Care for Your New Tree
Your trees will come to you bareroot. If the trees cannot be planted within a few days, heel them in by digging a temporary trench deep enough to hold the roots and located in a protected area. Place the stem of the trees at an angle in the trench and cover the roots with soil. Water thoroughly and keep moist until replanted. Short term storage of 24 hours or so can be provided by placing the roots system in a container of water. If you have had your trees shipped to you, they may be stored in the shipping box in a cool area (an unheated garage can work well), for up to a week or so, after which you'll need to either plant your trees or open the bag enclosing the roots and check moisture levels, re-wetting as needed.
Trees should be planted to the same depth that they were planted in the nursery row. The soil line will show by a color difference on the stem, right around where the rootswell meets the base of the trunk. Trees should be planted so that the graft site, a slightly irregular area on the stem, is above ground level. If the union site is in the ground, the scion will root and a standard size tree will result.
During the planting, do not let the roots dry out. A few minutes of drying wind and sun can severely injure or kill the tree. Also, do not use any fertilizer that will burn the delicate root system at the time of planting. If you would to add compost to the planting hole, you should plan to keep the percentage of compost to native soil at 25% or less. A soil test will tell you if there are any other ammendments to make prior to or during planting; Virginia Tech offers a soil testing and analysis service.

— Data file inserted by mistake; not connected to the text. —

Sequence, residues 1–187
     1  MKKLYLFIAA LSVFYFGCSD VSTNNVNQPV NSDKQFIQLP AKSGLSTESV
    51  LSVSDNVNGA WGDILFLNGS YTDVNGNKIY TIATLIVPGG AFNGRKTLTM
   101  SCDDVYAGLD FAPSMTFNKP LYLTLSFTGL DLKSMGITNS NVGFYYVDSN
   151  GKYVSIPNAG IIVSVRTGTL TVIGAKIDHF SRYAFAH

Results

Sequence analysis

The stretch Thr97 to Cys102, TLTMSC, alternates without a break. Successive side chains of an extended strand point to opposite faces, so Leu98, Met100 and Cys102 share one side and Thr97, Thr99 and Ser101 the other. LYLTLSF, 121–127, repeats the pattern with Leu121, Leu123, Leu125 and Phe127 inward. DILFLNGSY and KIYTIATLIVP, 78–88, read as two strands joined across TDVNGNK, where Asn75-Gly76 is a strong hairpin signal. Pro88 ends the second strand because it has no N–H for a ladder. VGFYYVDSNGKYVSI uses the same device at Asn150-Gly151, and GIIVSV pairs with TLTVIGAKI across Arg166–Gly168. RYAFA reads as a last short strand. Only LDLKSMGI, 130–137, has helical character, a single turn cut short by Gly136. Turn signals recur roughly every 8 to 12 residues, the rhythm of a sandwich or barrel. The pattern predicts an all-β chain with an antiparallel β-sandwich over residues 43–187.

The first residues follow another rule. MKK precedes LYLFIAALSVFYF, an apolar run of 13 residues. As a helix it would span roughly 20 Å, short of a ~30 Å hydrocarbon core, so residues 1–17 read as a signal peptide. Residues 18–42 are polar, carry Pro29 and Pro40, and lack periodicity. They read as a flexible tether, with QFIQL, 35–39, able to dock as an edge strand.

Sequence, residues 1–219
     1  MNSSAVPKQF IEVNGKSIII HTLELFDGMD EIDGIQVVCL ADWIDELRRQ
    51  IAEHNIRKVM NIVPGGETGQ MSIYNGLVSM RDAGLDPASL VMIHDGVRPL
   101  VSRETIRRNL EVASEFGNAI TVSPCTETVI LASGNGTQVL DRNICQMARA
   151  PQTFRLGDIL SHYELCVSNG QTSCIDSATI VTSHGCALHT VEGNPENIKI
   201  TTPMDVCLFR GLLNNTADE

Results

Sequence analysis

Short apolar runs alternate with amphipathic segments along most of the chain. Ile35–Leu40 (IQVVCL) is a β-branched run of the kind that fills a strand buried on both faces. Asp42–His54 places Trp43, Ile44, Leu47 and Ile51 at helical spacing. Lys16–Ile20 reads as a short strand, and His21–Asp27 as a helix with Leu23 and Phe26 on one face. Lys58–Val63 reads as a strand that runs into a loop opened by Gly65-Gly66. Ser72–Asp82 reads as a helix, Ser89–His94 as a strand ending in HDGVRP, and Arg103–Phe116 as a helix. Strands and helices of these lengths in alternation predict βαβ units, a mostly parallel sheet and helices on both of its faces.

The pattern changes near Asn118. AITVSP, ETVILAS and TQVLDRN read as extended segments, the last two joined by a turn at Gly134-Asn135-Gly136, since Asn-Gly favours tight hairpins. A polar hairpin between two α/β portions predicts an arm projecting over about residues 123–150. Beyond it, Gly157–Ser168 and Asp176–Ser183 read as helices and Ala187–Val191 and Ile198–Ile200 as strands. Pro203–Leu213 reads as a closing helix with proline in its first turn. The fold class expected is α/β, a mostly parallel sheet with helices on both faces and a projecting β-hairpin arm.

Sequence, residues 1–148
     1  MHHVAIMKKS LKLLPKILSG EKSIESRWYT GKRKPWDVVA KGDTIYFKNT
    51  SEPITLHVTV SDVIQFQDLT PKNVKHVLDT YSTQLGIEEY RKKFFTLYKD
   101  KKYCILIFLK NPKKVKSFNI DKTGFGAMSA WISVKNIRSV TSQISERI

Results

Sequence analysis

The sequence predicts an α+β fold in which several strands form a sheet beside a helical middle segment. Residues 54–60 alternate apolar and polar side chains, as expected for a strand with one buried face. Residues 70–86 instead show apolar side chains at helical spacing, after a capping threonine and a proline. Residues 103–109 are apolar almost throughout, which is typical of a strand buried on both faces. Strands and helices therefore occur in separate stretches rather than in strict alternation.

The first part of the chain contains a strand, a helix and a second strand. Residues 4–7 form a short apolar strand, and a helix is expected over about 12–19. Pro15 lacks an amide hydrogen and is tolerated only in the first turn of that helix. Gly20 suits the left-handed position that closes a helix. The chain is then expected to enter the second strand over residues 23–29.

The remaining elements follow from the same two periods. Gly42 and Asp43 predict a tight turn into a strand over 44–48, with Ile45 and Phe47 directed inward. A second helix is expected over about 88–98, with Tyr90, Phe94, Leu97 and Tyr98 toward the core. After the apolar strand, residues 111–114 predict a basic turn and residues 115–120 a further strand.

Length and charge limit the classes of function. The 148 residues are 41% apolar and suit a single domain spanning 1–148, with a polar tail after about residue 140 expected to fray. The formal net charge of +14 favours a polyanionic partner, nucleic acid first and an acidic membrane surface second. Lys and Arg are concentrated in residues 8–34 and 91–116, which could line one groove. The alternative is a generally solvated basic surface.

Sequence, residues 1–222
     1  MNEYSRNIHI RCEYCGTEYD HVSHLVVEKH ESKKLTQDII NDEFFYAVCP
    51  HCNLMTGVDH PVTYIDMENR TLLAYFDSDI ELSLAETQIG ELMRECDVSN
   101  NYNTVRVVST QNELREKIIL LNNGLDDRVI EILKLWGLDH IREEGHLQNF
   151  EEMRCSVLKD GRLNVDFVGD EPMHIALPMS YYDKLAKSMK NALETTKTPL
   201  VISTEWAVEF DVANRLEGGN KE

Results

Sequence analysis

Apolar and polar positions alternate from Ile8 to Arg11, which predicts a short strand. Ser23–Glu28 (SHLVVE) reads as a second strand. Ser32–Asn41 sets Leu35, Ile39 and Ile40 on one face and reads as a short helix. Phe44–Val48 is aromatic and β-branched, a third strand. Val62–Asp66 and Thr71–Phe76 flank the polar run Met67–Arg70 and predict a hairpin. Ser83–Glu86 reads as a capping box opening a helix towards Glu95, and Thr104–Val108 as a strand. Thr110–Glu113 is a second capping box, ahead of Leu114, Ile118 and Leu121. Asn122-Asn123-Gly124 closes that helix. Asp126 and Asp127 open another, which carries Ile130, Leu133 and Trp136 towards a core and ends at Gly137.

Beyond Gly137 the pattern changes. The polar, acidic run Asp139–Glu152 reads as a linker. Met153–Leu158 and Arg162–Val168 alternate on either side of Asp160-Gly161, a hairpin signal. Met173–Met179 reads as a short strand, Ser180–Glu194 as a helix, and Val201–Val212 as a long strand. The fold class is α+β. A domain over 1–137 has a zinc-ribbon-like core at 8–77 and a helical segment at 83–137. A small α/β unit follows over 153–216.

Dig a hole larger than the spread of the roots. This will vary from 12” to 24” or larger. Return the topsoil and sod to the bottom of the planting hole in the shape of a pyramid, put the tree upright over the pyramid and extend the roots outward and downward over the hill of soil. Two people working together make it easier. Backfill with the best soil available, shaking the plant gently up and down and sideways. After the roots are covered with several inches of soil, gently stamp down on it to compress and remove any air pockets. When about two-thirds full, soak with water and add more soil leaving a very shallow bowl-shaped hollow around the plant to trap water. Each tree should be watered in with roughly 5 gallons at the time of planting, and the soil around the tree should not be allowed to completely dry out at any time. After the first 2-3 years, many trees will be able to get most or all of the water they need from natural precipitation (in central VA).
Trees should be staked with one or more stakes at the time of planting. After growth begins, disturbing the soil can damage the root system.
Mulch around the tree may be used to keep down vegetation and conserve moisture. A small circle should be left uncovered to discourage collar rot and mice or vole infestation. If using a trunk guard, the best option is to use hardware wire with a small mesh, to allow airflow and visual inspection.